Barcelona

People ride skateboards:

Even in the underground:

Underground station names drop the place’s class. Not “Spain Square”, just “Spain”:

Not “Basilica de la Sagraga Família”, just “Sagraga Família”. Note the pictogram:

The basilica itself is not particularly entertaining:

The map of underground lines is one of the best. The lines are laid over the city streets. Turns out, you don’t have to make all angles 45°:

Projected on the track wall are news, ads and time to next train:

A snack bar right on the platform:

Barcelona is the capitcal of Catalunya. It’s a part of Spain, but almost not. In the Catalan language they don’t even put the ¡’s and ¿’s in the beginning of a sentence:

The press gets printed in two languages:

The most interesting feature of the Catalan orthography is that you put a dot between two Ls when they mean “long L”. Parada anul·lada:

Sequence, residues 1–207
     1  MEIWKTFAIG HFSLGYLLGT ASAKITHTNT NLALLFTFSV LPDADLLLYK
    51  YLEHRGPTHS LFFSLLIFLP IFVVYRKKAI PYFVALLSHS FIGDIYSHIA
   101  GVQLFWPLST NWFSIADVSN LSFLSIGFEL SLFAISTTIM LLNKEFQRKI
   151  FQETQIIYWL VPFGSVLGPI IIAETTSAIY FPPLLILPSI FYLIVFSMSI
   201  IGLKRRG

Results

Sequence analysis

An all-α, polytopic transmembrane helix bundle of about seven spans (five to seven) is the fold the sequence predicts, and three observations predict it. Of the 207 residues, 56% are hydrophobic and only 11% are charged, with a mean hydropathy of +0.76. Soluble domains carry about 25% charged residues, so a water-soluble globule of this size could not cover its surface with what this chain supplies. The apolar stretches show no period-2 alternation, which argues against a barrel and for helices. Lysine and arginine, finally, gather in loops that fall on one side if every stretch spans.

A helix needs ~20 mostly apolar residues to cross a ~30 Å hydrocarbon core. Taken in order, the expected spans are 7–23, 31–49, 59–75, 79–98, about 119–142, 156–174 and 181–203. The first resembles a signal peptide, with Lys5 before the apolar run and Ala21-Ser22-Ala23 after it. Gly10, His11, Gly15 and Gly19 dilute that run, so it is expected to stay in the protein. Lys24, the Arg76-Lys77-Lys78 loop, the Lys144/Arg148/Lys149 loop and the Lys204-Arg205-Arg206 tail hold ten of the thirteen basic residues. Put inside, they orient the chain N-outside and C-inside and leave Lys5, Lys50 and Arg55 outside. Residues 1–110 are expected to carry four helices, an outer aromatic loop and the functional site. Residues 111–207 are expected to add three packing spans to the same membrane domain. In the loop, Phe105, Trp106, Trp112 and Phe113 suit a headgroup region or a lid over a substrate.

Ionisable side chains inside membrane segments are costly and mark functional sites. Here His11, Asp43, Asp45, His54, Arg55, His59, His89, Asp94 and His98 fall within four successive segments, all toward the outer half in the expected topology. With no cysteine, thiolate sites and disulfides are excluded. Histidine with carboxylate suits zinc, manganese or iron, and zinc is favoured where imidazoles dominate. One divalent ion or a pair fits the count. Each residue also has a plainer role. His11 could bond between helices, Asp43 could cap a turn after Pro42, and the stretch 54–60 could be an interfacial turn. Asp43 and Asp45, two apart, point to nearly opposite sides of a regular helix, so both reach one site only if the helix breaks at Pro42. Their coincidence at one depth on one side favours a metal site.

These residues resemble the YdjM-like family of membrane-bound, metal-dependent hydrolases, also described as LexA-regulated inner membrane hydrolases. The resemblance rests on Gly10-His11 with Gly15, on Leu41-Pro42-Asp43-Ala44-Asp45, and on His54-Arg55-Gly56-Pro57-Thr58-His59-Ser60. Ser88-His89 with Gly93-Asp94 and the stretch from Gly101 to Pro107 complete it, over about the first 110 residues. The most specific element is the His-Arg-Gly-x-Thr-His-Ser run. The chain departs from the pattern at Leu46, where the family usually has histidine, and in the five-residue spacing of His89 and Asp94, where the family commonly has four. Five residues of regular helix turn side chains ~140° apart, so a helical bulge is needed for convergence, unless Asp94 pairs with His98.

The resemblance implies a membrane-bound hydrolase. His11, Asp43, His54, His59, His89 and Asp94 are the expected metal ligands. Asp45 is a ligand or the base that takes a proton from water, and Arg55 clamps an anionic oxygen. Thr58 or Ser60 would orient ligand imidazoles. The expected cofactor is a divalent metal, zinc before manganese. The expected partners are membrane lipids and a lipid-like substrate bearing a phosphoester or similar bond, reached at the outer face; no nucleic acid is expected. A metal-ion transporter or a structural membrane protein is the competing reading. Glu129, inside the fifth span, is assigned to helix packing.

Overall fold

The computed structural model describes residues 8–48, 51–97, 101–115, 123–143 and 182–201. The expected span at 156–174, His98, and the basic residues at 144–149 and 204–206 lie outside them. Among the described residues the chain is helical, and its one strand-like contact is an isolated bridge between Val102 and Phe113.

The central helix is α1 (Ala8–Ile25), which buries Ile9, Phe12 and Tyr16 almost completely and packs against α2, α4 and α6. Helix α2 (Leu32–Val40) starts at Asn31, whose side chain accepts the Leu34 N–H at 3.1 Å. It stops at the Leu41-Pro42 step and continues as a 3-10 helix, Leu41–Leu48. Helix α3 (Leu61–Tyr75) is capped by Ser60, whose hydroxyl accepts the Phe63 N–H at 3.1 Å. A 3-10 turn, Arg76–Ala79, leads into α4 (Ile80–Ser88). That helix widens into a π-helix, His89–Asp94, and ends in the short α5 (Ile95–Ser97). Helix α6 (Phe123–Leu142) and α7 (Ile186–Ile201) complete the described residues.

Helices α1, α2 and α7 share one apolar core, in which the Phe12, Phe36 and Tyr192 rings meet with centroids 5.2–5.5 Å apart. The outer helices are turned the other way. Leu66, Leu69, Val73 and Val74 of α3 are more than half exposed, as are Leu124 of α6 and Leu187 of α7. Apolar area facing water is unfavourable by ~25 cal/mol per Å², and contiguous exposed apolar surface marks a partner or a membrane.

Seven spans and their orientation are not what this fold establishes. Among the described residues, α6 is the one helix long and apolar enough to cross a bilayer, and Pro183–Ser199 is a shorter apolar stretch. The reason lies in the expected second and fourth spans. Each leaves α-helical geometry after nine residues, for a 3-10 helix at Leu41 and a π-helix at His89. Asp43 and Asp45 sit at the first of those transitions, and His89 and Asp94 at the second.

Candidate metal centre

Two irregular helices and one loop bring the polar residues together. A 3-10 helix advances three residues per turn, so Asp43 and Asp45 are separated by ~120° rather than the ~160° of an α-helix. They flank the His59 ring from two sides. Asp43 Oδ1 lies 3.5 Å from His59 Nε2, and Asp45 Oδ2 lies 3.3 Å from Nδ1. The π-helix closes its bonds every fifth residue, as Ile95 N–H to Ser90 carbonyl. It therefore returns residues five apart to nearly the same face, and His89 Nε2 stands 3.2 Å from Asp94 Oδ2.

Paral·lel:

A plate in the port district:

In the old city, the direction of one-way streets is regulated with old signs of entrance (entrada):

And exit (salida):

When you wake up in the morning here, it seems that the day is going to be dull as almost no light enters the room. But when you get outside, you find out that the sun is doing its best:

The porch:

It’s common to embellish the doors with graffiti:

Astonishingly beautiful door and everything around it:

The Museum of the History of Barcelona has placed totems and signs for points of interest:

A sign:

Another sign:

This pictogram looks like a prancing car baring its fangs on a stick:

A trash booth:

A city construction fence:

Bus coloring hints at the city streets layout:

Police car coloring:

Taxi coloring:

Bicycle parking:

Benches for one:

A street:

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